Work has started on a £5m plant that will see food waste turned into renewable gas.
Green energy firm Bio Group has teamed-up with British Gas to create the facility, on the site of the former Ashton Road Landfill site, in Stockport. The Fairfield Bio Energy plant will be open in Autumn 2012 and will generate enough energy to supply 1,400 north west homes a year.
Bio Group chief executive Steve Sharratt told the M.E.N said his firm had ambitions to build 50 more similar facilities in the coming years, including some in the region.
An initial wave of 20 jobs has been created by building the plant, which will use food waste from nearby hotels, restaurants and British Gas offices to generate renewable gas.
An event to mark the start of construction on the site was attended by Hazel Grove MP and communities and local government minister Andrew Stunell, as well as Stockport Council leader Coun Dave Goddard.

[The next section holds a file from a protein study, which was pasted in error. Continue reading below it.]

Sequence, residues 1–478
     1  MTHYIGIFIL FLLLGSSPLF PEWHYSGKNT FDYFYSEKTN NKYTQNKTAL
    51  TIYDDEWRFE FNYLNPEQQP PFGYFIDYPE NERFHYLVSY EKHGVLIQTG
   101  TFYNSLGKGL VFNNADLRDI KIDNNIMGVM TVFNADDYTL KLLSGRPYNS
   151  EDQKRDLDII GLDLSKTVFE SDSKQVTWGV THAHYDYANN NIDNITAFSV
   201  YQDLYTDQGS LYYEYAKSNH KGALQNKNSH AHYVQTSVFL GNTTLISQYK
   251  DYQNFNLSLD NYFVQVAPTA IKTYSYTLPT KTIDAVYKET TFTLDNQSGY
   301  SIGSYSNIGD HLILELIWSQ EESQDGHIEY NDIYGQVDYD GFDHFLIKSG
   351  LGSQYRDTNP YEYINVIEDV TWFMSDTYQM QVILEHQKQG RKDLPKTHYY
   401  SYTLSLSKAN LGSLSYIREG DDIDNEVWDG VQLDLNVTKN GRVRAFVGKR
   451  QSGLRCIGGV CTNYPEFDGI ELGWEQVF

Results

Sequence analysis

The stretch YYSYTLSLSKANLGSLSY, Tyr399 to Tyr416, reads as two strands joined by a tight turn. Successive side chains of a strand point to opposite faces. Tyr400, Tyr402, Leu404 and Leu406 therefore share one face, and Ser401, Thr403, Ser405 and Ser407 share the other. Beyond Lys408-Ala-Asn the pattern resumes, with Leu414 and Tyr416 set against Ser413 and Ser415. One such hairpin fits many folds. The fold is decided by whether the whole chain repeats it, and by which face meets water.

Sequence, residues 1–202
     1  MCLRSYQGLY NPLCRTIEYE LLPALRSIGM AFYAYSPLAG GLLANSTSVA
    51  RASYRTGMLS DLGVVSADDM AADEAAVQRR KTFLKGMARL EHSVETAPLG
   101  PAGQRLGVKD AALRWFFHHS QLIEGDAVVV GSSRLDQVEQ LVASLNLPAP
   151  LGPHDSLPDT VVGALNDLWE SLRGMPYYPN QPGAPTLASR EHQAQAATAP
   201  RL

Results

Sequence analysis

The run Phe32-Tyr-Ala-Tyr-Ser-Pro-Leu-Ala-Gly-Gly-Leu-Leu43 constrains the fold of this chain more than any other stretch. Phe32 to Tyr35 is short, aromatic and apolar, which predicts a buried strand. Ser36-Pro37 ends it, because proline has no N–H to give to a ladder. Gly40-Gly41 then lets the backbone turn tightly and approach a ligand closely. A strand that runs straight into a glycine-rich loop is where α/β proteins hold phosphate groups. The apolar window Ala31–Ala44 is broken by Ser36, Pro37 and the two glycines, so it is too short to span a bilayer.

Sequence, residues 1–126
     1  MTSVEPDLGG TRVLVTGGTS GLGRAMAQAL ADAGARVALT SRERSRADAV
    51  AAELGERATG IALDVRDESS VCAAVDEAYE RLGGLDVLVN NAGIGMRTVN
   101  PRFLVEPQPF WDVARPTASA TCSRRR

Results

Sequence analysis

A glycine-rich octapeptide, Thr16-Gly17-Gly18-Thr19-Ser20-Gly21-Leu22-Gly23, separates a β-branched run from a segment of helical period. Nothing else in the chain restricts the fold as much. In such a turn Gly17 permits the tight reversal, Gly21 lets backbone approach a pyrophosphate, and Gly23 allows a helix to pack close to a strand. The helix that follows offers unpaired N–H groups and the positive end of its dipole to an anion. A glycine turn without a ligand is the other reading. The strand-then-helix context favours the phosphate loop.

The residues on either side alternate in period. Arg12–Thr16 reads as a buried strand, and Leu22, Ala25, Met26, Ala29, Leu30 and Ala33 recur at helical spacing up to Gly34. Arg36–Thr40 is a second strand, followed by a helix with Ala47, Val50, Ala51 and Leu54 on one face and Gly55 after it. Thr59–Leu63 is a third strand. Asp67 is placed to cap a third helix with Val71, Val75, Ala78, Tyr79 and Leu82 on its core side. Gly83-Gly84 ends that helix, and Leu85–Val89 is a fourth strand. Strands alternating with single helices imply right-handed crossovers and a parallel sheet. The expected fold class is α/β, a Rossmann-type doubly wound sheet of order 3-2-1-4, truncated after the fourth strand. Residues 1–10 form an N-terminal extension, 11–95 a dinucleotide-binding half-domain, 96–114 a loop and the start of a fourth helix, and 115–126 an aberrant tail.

Mr Sharratt said: “This will be the second facility we have built in the UK and the second to supply energy to the National Grid.
“We are delighted to be able to make a real difference to energy provision in the region and there will be hopefully a few more in the north west in the years to come.
The plants are best placed in areas where there are good quantities of food waste that we don’t have to transport for long distances, which is what made this site attractive to us.”
Mr Stunell said: “On a national and local level, the development of green technologies will make a real difference to customers and to the environment. We are delighted in Stockport to welcome Bio Group and their Fairfield Bio Energy plant.”
The project will be the UK’s first purpose-built site to benefit from the government’s Renewable Heat Incentive, which incentivises green gas generation by paying the supplier a premium above the actual gas price.
All food waste for the plant will be collected by Solutions SK. It will process around 12,500 of food a year, turning it into 1.2m cubic metres of green gas.